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8 Reasons Why You Are Not Losing Weight (or Fat)

01dragonslayer

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Fitness is at an all-time high right now in terms of popularity. More people are working out and trying to get fit than ever before. So what’s the deal, why are more people not seeing results?

As you would guess, the answer to that question is not an easy one to answer. Are people not exercising correctly or does it come down to issues with nutrition? Likely, the answer is a combination of both, however, for the purpose of this article, let’s focus on nutrition.

So, in terms of nutrition, here are the top 8 things that prevent weight (or fat) loss.



1- Eating Too Much (by Not Tracking Your Food)

This is a big one.

Before we get too far down the rabbit hole, we need to define what a fat loss diet is.

Nutrition is a game of numbers. In order to lose weight/fat, you need to be eating less food (calories) than you require to maintain your weight.

This is the classic calories in vs. calories out formula.

A fat loss diet is a calorically restricted diet. There is no other way to define it. It’s of utmost importance to recognize how many calories you are eating per day. I mean, you can’t really accurately eat at a deficit if you don’t know (at least a ballpark) how many calories you are consuming.

Ahh so what about “clean eating”? You know, the diet where you clean all your food with Windex before eating it. How does that factor in? I joke, I joke.

But seriously, remember what I said – “a fat loss diet is a calorically restricted diet. There is no other way to define it”.

This brings us to the first reason why you are not losing weight (or fat) –> It doesn’t matter what foods you eat, you will not lose weight/fat unless your diet creates a caloric deficit. Read that again.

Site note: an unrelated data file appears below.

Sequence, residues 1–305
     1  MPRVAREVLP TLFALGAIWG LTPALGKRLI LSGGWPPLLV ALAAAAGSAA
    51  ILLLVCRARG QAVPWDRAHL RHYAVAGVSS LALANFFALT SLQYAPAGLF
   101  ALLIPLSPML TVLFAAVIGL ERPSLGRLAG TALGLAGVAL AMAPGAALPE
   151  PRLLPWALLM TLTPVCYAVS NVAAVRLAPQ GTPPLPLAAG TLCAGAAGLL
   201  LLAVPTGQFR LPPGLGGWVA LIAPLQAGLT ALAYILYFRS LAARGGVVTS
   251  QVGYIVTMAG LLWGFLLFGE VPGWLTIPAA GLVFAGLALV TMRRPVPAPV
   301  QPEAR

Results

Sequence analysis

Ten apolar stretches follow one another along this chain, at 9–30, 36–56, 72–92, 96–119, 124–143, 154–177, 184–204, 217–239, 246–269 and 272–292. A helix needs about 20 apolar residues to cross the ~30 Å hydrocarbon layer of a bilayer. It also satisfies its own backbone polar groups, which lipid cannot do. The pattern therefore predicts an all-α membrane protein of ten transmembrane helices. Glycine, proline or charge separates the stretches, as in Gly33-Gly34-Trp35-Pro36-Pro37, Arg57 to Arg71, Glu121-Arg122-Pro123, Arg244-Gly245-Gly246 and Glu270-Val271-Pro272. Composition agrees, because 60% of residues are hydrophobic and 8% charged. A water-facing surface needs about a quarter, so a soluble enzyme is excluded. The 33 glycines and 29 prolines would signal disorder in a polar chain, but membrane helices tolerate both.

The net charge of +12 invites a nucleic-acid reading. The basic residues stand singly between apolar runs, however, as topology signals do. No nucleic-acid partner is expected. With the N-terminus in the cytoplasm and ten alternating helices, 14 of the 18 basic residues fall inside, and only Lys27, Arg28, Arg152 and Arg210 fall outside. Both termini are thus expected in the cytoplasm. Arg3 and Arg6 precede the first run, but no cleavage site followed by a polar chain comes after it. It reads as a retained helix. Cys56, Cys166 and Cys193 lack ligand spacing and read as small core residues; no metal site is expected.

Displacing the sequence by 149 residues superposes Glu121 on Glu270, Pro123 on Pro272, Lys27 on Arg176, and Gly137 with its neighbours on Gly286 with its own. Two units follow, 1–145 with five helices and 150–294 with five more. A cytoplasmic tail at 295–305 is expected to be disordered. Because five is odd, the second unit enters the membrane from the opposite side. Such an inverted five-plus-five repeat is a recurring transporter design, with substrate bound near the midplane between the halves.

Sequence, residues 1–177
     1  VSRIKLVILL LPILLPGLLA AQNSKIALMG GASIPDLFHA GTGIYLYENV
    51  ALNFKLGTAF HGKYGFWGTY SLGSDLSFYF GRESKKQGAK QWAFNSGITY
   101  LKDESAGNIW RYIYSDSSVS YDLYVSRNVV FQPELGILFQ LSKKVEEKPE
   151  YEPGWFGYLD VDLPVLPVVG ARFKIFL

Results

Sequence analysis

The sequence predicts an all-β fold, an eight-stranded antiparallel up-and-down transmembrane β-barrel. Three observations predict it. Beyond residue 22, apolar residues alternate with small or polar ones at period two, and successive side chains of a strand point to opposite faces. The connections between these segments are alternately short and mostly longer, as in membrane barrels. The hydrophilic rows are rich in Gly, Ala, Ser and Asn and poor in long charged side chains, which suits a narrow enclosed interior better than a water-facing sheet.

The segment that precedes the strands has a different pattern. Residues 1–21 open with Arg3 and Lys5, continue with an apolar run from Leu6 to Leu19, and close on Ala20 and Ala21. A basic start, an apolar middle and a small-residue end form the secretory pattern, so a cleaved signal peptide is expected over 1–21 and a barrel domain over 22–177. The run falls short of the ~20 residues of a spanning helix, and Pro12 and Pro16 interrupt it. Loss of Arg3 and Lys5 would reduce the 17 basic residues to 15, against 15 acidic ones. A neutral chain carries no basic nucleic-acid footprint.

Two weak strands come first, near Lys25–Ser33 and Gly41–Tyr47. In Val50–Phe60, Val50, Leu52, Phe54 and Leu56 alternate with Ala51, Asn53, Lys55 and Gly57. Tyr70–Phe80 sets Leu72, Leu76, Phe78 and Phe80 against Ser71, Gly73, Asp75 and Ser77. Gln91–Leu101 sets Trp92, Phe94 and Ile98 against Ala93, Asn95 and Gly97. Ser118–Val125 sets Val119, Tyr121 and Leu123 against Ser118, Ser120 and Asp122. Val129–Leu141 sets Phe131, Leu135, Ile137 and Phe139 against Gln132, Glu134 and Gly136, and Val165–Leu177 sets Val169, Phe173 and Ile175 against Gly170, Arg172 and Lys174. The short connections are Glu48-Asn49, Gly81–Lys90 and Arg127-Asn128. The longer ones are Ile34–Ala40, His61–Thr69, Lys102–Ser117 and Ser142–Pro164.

You can be eating nothing but chicken, rice and broccoli and still not lose weight if you are consuming too many calories.

I call this unknowingly eating too much. You are eating everything you are “supposed to” but the problem is, you are just eating too many calories. Very rarely is this because of chicken, rice and broccoli but some other typical “diet foods” can be calorically dense. Things like nuts, nut butter, dried fruit, some fresh fruit, cereal/granola, etc. all contain more calories per serving than you probably think.



2- Not Tracking Everything (Part 1)

This can mean a lot of different things but what I want to focus on here is the little slip ups that go untracked.

Let’s first assume you are tracking your macros and have a system for measuring out what you eat. As we found out in the first point, tracking your food is very important(at least initially) if you want to make the fat loss process as easy as possible. Read, How to Start Flexible Dieting if you are unsure how to get started tracking your macros.

With that being said, tracking your macros does not automatically equal success. Let me tell you a story that I think we all can resonate with. You go to make yourself a peanut butter and jelly sandwich. Let’s say you have a healthy amount of carbs in your diet but are semi limited on fat. No worries, you will just use a half serving (16g) of peanut butter…that should do. But here is the problem – as you spoon out what you think is a tablespoon (16g), turns out to be more than 32g, the difference of 100 calories.

We have all been there. These little instances all add up. An extra serving or two doesn’t seem like a big deal until it turns into 3-4 extra servings a week, 12-16 extra servings a month, etc.

Parents are guilty of this.

Kids waste a lot of food. My daughter will say she wants something, eat half of it, and never want to see it again. As a parent, it can be pretty easy to just finish up the scraps. I don’t care what anyone says, chicken nuggets with a side of macaroni and cheese never gets old!

If you are dieting, this is a big mistake. Those extra calories will add up fast. Be careful. Don’t let untracked food ruin your diet.



3- Not Tracking Everything (Part 2)

Continuing on from the last point…

If you are going to track your macros, it’s important to track everything. Even the small things that don’t seem calorically dense enough to worry about can add up.

Some examples of what I am talking about…

  • Condiments (not calorie free ones)
  • Coffee Creamer
  • Vegetables
  • Low calorie drinks
  • Supplements (fish oil, cla, etc.)
Ketchup, barbeque sauce, broccoli, green beans, asparagus, low calorie energy drinks, coffee creamer, fish oil capsules, BCAA powders, etc.

Let’s make this simple, you need to track everything that has calories. If you are not tracking your food but still trying to eat better, this point still applies. Just be mindful of everything that has calories.



4- Eating at Restaurants Too Frequently

enjoying-a-tasty-burger